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Hair, Good Beauty

The Evolution of Natural Hair in Pop Culture

iamthesocialistaa contributor

The Evolution of Natural Hair in Pop Culture

Natural hair has always been a crown of pride, intricately woven with stories of resilience, beauty, and cultural identity. However, the journey to its acceptance and celebration in pop culture has been as tangled as a head full of kinks and coils. Today, let's untangle this narrative, highlighting the vibrant evolution of natural hair in pop culture, and how it's embraced today in corporate America, fashion runways, and beyond.

Rewind a few decades, and the representation of natural hair was as scarce as finding a four-leaf clover in a field of grass. The '70s did give us icons like Pam Grier and Diana Ross, whose glorious afros symbolized power and rebellion. Yet, as the decades turned, the mainstream media's love affair with straight, Eurocentric hairstyles left little room for natural textures to flourish.

Fast forward to the late 2000s, a pivotal moment in pop culture known as the "Natural Hair Movement" began to root itself deeply. Social media platforms became stages for Black women to showcase their natural hair journeys, sharing tips, styles, and affirmations. This digital sisterhood provided not only visibility but also a collective voice against societal norms that deemed straight hair as the only standard of beauty.

Enter the era of "Hair Love”," "Nappily Ever After," and "Insecure,". These aren't just titles; they're milestones in the representation of natural hair. "Hair Love," an animated short film that snagged an Oscar, celebrates the beauty of a father learning to style his daughter's natural curls. "Nappily Ever After" delves into the journey of self-love and liberation through the lens of hair. Meanwhile, "Insecure" showcases a diverse array of hairstyles, from twist-outs to Bantu knots, reflecting the real-world versatility of natural hair.

Felicia Leatherwood's work on "Insecure" stands as a testament to the power of representation. As the hairstylist behind the show's iconic looks, Leatherwood found herself inundated with messages from viewers who tuned in as much for the hair inspiration as for the plot.

Celebrities played a crucial role in this cultural shift. Stars like Solange Knowles, Lupita Nyong'o, and Viola Davis started wearing their natural hair proudly on red carpets and magazine covers, challenging the status quo. Solange's album "A Seat at the Table" became an anthem for Black identity and self-acceptance, with tracks like "Don't Touch My Hair" echoing the sentiments of many Black women.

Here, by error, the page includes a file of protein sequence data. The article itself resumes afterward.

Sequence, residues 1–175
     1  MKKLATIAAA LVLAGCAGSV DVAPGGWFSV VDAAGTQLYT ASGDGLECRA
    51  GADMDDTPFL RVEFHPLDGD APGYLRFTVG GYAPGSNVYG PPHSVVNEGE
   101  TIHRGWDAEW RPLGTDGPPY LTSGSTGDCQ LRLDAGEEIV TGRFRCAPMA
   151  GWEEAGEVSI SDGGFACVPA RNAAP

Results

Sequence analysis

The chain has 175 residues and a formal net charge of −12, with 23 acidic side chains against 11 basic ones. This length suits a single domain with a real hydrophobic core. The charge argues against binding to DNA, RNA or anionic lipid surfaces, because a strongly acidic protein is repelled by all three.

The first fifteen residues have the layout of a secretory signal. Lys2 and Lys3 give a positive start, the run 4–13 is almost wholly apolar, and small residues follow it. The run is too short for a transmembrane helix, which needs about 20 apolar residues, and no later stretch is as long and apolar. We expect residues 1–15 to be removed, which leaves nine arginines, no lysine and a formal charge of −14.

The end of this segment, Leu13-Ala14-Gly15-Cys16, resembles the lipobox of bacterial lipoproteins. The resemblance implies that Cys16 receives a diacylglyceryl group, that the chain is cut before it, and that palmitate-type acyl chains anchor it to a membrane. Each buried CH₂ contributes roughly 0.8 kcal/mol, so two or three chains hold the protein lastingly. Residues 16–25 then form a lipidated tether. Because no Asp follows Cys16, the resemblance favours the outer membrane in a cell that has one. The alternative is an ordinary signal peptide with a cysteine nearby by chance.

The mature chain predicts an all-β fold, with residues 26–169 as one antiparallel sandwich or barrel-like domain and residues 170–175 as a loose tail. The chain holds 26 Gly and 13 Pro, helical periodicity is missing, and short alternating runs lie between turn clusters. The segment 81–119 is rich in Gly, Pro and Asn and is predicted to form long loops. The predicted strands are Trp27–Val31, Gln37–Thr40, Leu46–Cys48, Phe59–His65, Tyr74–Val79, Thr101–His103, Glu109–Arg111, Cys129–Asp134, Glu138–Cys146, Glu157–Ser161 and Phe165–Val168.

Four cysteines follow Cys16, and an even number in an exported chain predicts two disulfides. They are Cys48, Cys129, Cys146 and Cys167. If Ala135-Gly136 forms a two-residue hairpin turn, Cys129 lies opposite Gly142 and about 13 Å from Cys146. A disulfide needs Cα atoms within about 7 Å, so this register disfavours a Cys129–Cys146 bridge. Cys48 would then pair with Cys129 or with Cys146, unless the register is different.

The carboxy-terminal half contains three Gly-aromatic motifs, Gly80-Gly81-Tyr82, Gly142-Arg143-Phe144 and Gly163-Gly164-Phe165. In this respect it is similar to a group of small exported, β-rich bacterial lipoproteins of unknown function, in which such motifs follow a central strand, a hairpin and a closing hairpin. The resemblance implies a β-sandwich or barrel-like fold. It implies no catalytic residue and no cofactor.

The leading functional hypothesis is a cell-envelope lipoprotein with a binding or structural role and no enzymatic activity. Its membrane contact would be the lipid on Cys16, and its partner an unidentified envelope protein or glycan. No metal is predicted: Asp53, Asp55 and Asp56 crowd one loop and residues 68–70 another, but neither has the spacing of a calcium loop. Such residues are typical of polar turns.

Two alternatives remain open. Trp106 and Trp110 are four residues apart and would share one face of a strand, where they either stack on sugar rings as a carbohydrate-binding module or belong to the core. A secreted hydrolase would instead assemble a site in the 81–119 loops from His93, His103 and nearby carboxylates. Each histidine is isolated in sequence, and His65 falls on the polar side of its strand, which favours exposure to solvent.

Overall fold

But the impact of this cultural shift extends beyond the screens and pages. It's strutting down runways, sitting in boardrooms, and influencing policies. Corporate America is slowly but surely catching up, with companies revising dress codes to be more inclusive of natural hairstyles. In a landmark move, the CROWN Act (Creating a Respectful and Open World for Natural Hair) has been passed in several states, making it illegal to discriminate against someone for their hairstyle or texture.

The digital age has further amplified this celebration, with social media platforms catapulting natural hair influencers to stardom. Jasmine Brown and Whitney White, among others, have utilized YouTube to share their hair journeys, tips, and styles, inspiring a legion of followers to embrace their natural textures. Stories, like that of Kheris Rogers, who went viral for a photo celebrating her complexion and curls amidst bullying, she turned her moment into a movement with Flexin’ In My Complexion, advocating for self-love and diversity.

The evolution of natural hair in pop culture is more than just a shift in beauty standards; it's a testament to the power of resilience, community, and self-love. It's about reclaiming our narratives and celebrating our unique identities without apology. Today, natural hair is not just accepted; it's admired, emulated, and, most importantly, respected.

As we continue to witness this beautiful transformation, it's essential to remember that the journey is ongoing. The full acceptance of natural hair, in all its forms, within every facet of society, remains a work in progress. Yet, the strides made thus far offer hope and a blueprint for future generations to embrace their natural beauty.

In the end, natural hair in pop culture symbolizes much more than a trend. It's a movement grounded in empowerment, a celebration of our roots, and a bold declaration that we are here, we are beautiful, and we will not be brushed aside. As we wear our crowns of curls, coils, kinks, and waves, let's continue to inspire, uplift, and support one another, paving the way for an even more inclusive and diverse representation of beauty in all its forms.

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